Other countries free from high population pressures, and containing significant closed forests, include the Democratic Republic of the Congo, Papua New Guinea, Brazil, Russia and Canada.
The report, "An Assessment of the Status of the World's Remaining Closed Forests," argues that it is vital to act now to protect these last important forests.
"The low population densities in and around the majority of the WRCF areas offer an excellent opportunity for conservation, if appropriate steps are taken now by the national governments and the international community," the report authors write. "The cornerstone of future policies for the protection of WRCF should be based on protection, education and alternatives to forest exploitation."
Among the 15 key countries identified in the report, Russia has the lowest level of protection with just two percent. Mexico came in second, protecting three percent of its forests, and China, which currently protects 3.6 percent of its intact forests, ranked third.
In North America, Canada protects 7.4 percent of its remaining forests, which cover just over 37 percent of its land area. In the United States, where about 25 percent of the nation is under closed forests, just 6.7 percent of forested land is protected.
The finding comes as U.S. President George W. Bush considers overturning the sweeping forest protections installed by his predecessor. The Bush administration is expected to decide within weeks whether to revamp or even discard a rule protecting remaining roadless areas of U.S. national forests.
The UNEP report calls on governments in the key 15 countries to draft action plans detailing how they propose to conserve their remaining closed forests. The level of protected areas also need to be sharply increased, and backed by tougher policing of such sites including crackdowns on smuggling and poaching of trees and wildlife.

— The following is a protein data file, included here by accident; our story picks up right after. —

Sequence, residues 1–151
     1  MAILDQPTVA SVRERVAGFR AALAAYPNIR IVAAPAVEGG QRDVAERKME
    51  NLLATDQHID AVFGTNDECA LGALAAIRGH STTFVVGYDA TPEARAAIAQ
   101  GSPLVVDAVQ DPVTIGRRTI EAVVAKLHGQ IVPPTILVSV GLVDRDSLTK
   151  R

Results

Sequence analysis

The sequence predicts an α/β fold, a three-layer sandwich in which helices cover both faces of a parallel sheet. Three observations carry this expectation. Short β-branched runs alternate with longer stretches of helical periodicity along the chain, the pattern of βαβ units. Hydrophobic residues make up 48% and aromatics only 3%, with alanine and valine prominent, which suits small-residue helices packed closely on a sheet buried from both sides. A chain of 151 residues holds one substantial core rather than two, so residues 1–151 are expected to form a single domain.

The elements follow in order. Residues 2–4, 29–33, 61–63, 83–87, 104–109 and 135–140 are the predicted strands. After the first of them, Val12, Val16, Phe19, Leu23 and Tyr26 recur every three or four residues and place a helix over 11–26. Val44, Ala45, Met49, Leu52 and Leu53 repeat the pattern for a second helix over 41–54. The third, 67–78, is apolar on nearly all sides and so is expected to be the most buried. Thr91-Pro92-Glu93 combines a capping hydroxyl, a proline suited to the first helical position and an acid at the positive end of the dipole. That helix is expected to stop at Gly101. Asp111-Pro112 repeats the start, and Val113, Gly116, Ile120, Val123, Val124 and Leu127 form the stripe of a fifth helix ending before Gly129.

Wealthy countries should invest in the protection of the last remaining closed forests situated in poorer countries, the report notes. Debt for nature swaps, in which developing country debts are reduced by industrialized countries in return for closed forest protection, should be vigorously encouraged, the report recommends.
Fifty-three other countries have more than 30 percent of their land cover under closed forests, the report found. Some of those, particularly those with low population densities, could eventually be the focus of vigorous conservation efforts, if the forests of the first 15 cornerstone countries are secured.
Candidates for this second wave of action might include Gabon and the Republic of the Congo in Africa; Belize in Central America and French Guiana, Guyana and Suriname in South America.
UNEP, for its part, is working through its recently launched Great Apes Survival Project (GRASP), as one way of helping the world's remaining closed forests. UNEP plans to establish conservation projects in forests across Africa and Indonesia to help save the gorilla, chimpanzee, bonobo and orangutan.
The projects focus on issues such as ecotourism and forest protection, supporting staff in national parks, educating local people about the importance of great apes and encouraging alternatives to exploiting the animals for food.
The strategy is also likely to lead to a new assessment of the impacts of population growth, economic expansion and climate change on forests, and by implication, human beings.
The full report, "An Assessment of the Status of the World's Remaining Closed Forests," is available at: ftp://www.na.unep.net/pub/closedforest/